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Published:  23 July, 2008

By Christian Davis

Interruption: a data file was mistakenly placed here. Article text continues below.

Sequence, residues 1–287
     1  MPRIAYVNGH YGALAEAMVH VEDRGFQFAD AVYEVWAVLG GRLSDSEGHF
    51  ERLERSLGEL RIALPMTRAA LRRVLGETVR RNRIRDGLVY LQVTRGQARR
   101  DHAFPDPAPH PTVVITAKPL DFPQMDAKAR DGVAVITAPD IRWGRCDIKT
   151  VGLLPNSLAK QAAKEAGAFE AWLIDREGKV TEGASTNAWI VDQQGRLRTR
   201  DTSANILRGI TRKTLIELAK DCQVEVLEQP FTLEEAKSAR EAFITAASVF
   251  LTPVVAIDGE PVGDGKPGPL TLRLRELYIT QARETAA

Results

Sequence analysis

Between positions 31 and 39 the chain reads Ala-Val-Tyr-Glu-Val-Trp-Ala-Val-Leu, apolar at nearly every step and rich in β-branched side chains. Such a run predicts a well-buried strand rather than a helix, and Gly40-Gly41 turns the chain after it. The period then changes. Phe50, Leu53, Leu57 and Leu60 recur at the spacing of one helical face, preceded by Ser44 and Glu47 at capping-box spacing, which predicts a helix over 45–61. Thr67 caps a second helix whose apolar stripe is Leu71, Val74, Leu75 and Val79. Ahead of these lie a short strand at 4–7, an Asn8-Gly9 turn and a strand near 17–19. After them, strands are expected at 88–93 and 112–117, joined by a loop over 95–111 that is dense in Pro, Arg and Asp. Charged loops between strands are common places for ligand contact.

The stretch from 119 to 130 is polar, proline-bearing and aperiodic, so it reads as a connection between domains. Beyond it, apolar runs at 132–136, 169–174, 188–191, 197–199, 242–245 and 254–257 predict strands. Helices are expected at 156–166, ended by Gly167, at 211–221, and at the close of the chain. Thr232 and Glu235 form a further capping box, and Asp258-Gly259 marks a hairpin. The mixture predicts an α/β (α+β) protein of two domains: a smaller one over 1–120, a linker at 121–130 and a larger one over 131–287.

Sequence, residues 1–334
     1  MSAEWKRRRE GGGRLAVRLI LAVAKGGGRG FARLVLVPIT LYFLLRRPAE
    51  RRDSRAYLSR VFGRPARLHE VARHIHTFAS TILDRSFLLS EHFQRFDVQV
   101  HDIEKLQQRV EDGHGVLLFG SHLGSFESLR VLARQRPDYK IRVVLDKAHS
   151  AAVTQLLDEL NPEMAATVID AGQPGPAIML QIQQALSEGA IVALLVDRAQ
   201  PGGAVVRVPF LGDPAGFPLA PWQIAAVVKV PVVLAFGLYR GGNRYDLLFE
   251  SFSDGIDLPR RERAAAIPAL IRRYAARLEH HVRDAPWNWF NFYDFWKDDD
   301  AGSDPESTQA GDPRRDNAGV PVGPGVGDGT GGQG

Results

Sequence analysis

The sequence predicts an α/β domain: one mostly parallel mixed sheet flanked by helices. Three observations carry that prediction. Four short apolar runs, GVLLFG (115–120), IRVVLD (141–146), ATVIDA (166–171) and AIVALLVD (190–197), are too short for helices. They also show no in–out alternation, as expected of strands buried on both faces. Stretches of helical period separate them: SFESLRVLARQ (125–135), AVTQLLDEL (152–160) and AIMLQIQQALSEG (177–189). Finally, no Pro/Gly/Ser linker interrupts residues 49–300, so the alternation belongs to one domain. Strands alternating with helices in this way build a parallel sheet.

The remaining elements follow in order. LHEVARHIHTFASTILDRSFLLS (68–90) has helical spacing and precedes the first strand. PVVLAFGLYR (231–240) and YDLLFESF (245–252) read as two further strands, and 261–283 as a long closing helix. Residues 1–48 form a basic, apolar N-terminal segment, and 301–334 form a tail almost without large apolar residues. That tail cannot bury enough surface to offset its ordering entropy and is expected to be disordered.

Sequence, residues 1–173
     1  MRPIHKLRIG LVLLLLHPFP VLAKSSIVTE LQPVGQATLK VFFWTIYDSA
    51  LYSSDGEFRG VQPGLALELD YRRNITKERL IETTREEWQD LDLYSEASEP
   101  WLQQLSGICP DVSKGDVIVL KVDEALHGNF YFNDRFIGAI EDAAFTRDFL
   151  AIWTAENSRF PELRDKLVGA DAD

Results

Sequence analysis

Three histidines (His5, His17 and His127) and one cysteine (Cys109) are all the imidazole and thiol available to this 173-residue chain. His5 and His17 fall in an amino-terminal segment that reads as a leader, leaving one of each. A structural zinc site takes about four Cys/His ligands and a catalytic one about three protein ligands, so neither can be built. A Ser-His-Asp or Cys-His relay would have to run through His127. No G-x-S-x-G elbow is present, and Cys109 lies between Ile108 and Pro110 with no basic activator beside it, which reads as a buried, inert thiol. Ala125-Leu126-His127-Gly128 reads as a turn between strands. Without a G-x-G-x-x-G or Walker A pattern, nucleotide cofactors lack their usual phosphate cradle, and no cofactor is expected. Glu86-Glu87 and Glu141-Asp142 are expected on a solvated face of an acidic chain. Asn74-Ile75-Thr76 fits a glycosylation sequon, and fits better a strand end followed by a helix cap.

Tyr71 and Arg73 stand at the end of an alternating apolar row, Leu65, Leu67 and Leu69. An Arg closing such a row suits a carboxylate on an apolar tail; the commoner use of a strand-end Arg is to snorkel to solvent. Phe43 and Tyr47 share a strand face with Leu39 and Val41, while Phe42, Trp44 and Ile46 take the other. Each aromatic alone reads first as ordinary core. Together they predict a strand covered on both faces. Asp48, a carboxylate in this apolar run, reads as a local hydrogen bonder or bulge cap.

Courvoisier, the Allied Domecq-owned Cognac brand, has asked for a 10% increase in production from its 1,100 wine growers for the 2004 vintage, as the brand builds on the sector's growth. Liz Hodson, Allied's senior brand manager, told Harpers that Cognac is 3% up in the off-trade and Courvoisier, the UK's best-selling Cognac, is 8% up in both volume and value, and remains the UK's best-selling Cognac. Jean-Marc Olivier, Courvoisier's purchasing and technical director, said that this year he would be buying 70 million litres of wine in anticipation of growing demand. He said that in the 1990s, as demand declined, the Cognac houses found themselves with inventories high in old eaux-de-vie. With the stocks out of balance and the market growing in VS and VSOP, we needed to push production of young Cognacs. Hodson said that Allied is investing significantly in Courvoisier through advertising in lifestyle magazines. It is also targeting bartenders in cutting edge' bars and clubs with master classes in using Cognac in cocktails. Olivier said that Courvoisier has developed its Exclusif VSOP brand specifically for mixing with other drinks. While Hennessy's Fine de Cognac VSOP is light and fruity, to make it easier to consume for less-experienced drinkers, Olivier said Exclusif has been made deliberately heavier than its traditional VSOP to emphasise its sophistication and complexity'. Exclusif is made from eaux-de-vie from Fins Bois (five years old), Fine Champagne (six to 10 years old and 15 years old) and Borderies, whereas the traditional Courvoisier VSOP is only Fine Champagne. Olivier was in London last week holding master classes in central London restaurants such as Hakkasan and Yauatcha as well as in Hackney and Brixton. The company has also flown bartenders over to its Jarnac base for tasting. Charlie Sorrell, of Aura restaurant in London's St James's, came up with a cocktail called Wakey, Wakey', which comprises toast and marmalade pured and blended with Courvoisier. By contrast, Martell is looking for its next move in the UK, having decided to stop its high-profile and expensive sponsorship of the Grand National horse race. At a recent press briefing in Cognac, Patrick Ricard and Richard Burrows of Pernod Ricard outlined their plans for the brand, which were primarily aimed at the US and Chinese markets. Ricard told the press corps of predominately British and French journalists that the company had no significant activity for either the UK or French markets. Burrows told Harpers that the UK was still bloody important' but the brand had been neglected (under Seagram's ownership) and lots of distribution had been lost'. He said the money from the Grand National could be used more effectively. Ricard told Harpers that the company could not do everything at once, that activity for Martell needed to become more consumer-dedicated' and that the company was looking to drive demand through the on-trade.